Great Conch Debate Rages On Using Genetically-Modified Mosquitoes In Zika Fight

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KEY LARGO (CBSMiami) — In Brazil, the British firm Oxitec has released millions of laboratory-bred mosquito-killing mosquitoes.

Male mosquitoes have been genetically altered to impregnate females whose offspring do not survive.

From a secure lab in Marathon, in the Florida Keys, Oxitec has made the case for using its lab-grown bugs to kill off Zika-carrying mosquitoes on the island string.

“We have shown greater than 90% control of the mosquito population, it’s been proven safe and effective in Cayman, Panama and Brazil,” said Dr. Derek Nimmo of Oxitec.

But outside the lab on Wednesday, demonstrators decried the notion of Keys Conchs being used as lab rats.

“We don’t have enough risk assessment. They have not answered questions properly. They’ve lied repeatedly to us and we can’t trust the company,” said Mara Daly of the Florida Keys Environmental Coalition.

Just this month the FDA green-lit a genetically-altered mosquito trial in a small Key West neighborhood. It was a political decision, critics say, amid the Zika scare.

“I don’t necessarily feel that the environmental assessment process is a very rigorous process,” said Barry Wray of the Florida Keys Environmental Coalition. “All of the material is produced by Oxitec and fed to the FDA.”

Oxitec said that is partly true but its killer mosquitoes have been vetted by the FDA, the EPA, an alphabet soup of federal agencies.

“They have all analyzed an environmental assessment that, yes, was written by us,” Nimmo said. “But the data in there is all from independent groups, scientists and universities.”

Phil Goodman chairs the elected Florida Keys Mosquito Control District and supports the genetic warfare, saying traditional methods just are not working.

“With all of the Herculean efforts that we are doing at the Florida Keys Mosquito Control, we are only controlling 30, 50 maybe a maximum 60% at of this mosquito at times,” Goodman said.

But some have questioned if the lab-grown anti-mosquito mosquitoes might have made matters worse. A recent article in the Daily Mirror, in Oxitec’s home country, suggested as much.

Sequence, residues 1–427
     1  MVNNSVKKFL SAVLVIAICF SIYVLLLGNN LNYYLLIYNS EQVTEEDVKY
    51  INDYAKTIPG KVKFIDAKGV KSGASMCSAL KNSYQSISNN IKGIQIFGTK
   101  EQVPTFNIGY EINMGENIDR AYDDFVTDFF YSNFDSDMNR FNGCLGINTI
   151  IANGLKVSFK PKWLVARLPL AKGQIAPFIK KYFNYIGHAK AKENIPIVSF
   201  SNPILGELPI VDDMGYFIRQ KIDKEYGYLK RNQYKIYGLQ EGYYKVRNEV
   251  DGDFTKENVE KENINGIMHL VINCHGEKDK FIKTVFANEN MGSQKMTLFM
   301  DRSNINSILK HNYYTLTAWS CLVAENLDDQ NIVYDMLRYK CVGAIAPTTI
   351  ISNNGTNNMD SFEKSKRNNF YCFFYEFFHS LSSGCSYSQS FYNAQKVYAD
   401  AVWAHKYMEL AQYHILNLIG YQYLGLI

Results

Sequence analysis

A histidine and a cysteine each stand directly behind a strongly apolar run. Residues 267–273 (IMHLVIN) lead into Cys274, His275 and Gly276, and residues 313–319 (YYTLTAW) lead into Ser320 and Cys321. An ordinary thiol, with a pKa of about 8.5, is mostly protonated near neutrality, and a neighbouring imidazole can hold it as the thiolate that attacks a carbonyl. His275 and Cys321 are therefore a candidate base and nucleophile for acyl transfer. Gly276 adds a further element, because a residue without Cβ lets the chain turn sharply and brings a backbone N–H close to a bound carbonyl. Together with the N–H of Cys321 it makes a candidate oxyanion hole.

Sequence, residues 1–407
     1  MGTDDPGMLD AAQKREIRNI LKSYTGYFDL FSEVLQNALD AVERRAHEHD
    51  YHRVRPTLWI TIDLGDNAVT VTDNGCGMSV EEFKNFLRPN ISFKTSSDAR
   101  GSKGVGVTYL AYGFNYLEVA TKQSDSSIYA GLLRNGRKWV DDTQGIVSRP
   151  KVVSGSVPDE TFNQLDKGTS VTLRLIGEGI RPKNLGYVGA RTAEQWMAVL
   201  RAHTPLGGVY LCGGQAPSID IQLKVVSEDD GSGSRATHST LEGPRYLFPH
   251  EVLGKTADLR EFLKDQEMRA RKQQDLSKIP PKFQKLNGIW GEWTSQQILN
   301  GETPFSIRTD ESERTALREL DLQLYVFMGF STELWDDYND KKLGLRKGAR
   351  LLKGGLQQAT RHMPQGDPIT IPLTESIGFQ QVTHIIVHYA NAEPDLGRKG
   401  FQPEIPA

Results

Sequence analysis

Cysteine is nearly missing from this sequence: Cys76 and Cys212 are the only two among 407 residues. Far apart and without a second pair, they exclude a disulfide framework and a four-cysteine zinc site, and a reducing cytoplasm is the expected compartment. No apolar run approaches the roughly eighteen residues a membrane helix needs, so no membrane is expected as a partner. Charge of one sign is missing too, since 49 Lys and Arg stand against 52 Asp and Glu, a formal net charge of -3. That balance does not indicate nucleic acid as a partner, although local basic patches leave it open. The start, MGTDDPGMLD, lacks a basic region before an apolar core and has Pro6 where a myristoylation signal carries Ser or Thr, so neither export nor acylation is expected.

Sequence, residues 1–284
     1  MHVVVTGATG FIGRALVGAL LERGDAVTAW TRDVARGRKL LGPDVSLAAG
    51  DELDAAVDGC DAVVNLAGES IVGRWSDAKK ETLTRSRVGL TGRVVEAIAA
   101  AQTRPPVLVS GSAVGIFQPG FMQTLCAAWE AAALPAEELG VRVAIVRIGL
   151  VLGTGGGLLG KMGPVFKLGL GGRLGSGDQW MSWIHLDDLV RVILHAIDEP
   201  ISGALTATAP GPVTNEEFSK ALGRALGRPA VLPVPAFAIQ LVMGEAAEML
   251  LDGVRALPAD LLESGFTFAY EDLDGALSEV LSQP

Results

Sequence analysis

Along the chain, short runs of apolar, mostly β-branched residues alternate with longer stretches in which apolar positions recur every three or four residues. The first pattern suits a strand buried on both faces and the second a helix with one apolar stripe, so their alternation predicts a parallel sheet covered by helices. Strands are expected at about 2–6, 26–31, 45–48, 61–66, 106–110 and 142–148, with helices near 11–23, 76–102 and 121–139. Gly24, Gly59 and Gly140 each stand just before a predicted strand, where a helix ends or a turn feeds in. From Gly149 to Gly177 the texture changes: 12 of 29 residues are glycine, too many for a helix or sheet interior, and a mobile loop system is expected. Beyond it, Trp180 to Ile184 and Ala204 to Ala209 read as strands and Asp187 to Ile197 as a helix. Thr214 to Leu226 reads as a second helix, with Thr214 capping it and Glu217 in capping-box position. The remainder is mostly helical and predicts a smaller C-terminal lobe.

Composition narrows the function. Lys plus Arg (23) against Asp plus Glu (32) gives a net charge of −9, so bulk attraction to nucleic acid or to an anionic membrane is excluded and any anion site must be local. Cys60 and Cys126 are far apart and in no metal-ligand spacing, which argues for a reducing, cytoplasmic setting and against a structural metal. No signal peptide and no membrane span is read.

Oxitec calls the suggestion absurd and points to what it says has been a sharp drop in disease in one Brazilian town of 50,000 people, where its mosquitoes have been deployed.

Should the Keys eventually contract with Oxitec for mosquito control in Key West alone, the deal would be worth more than $1 million a year.

As the back-biting between Oxitec, its supporters and its critics continues, the people of the Keys may be the deciding body.

The mosquito control district, all elected officials, voted 3-2 to put the question to a non-binding referendum on the November 8th general election ballot.

More from Gary Nelson
Comments

One Comment

  1. John K says:

    This virus is causing brain damage to babies, and potentially could do the same in adults. The mosquitoes that transmit Zika aren’t native to our hemisphere. What reason could there possibly be for delaying the Oxitec trail when the stakes are so high?

    1. John Norris MD says:

      The island’s physician have been asking for safety info and the company has released nothing. The group is now petitioning and asking why they haven’t been given the information they want which should not cost more than $100.

      The argument is that the GM mosquitoes require 10 times the amount of tetracycline that a human taking tetracycline would have in their blood. Tetracycline is an important antibiotic to treat MRSA etc. They don’t use it as an antibiotic, they abuse it as a switch and care nothing for the fact they are promoting resistant germs like MRSA. Read the petition. It’s not anti-gmo. It’s stating make sure the population on the two streets of key haven Florida are not exposed to millions of GM mosquitoes passing very resistant germs

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